What parallels are there in Kenya? Ordinary citizens – many of whom have never visited NMK in their lives – are, as you know, setting up their own small museums and sites of memory to conserve cultural heritage, build peace between warring communities, and commemorate past events and the heroes they hold dear. Community-driven heritage initiatives are a relatively new phenomenon in this country. They appear to signify a renaissance of civil society activism around new forms of struggle, which have local and global dimensions. Citizens are also, as in West Africa, questioning what they regard as the ‘deadness’ and lack of cultural context of the objects held in national museums. They want to conserve intangible cultural heritage, such as song, dance, ritual and language. Some question the usefulness and relevance of built, bounded museum spaces and see heritage in the entirety of the natural world around them – in forests, sacred springs, wildlife and so on. At peace museums, local communities are making vital grassroots attempts to heal the wounds of social conflict. This may be partly because, unlike South Africa, there has been no concerted effort by government to set up a Truth and Reconciliation Commission (TRC). South Africans do not pretend that the TRC process has ended conclusively, or that it was all positive. However, it did provide an important vehicle for social healing, and a way of dealing with individual and collective memories of trauma, conflict and struggle. Museums, heritage activities and social memory are all closely bound. The lesson seems to be: state heritage management that doesn’t recognize and allow for public participation, and spontaneous expressions of social memory at sites of memory, lacks an essential component.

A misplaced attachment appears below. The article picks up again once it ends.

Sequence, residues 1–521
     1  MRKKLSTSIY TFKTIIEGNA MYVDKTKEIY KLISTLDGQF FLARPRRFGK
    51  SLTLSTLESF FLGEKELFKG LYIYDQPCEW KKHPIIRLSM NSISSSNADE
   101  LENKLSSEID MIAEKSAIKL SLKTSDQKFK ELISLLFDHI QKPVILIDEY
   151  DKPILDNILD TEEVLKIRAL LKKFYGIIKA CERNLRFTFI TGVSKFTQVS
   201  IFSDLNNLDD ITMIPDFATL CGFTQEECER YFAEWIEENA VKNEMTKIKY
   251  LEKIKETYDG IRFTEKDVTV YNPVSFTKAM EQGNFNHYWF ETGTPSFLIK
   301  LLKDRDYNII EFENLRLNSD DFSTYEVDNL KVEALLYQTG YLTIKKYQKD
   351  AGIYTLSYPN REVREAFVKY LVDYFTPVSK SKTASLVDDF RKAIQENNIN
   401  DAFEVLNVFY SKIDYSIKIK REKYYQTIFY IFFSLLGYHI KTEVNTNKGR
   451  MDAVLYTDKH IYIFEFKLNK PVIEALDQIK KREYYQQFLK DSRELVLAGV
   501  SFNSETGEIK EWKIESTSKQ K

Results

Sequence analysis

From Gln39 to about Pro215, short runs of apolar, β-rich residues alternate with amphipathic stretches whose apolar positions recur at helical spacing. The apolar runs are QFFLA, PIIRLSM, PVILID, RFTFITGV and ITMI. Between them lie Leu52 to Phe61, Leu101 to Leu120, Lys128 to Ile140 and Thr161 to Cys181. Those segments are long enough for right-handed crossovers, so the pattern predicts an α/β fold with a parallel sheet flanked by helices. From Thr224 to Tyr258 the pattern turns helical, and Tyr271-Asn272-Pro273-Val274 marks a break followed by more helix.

In Kenya, are these parallel processes of heritage development at state and community level set to collide? This is not inevitable, as initiatives in West and South Africa make clear. State and non-state heritage actors can work in partnership. We have seen some good examples in the Meru area of how such partnerships can work. However, we will hear from a lawyer about the implications of the National Museums and Heritage Act 2006, whose impacts are yet to be felt, but which could further marginalise non-state heritage actors since it enshrines NMK as the only legitimate heritage manager in the country, and the only body officially allowed to call itself a museum. But the state need not regard non-state activities as a threat to its authority. Another way of looking at it would be for the state to value public interest partnerships, and independent museums, as “a contribution to the development process” (Ndiaye 1995), and most importantly, a contribution to the continuing decolonization of museums in East Africa.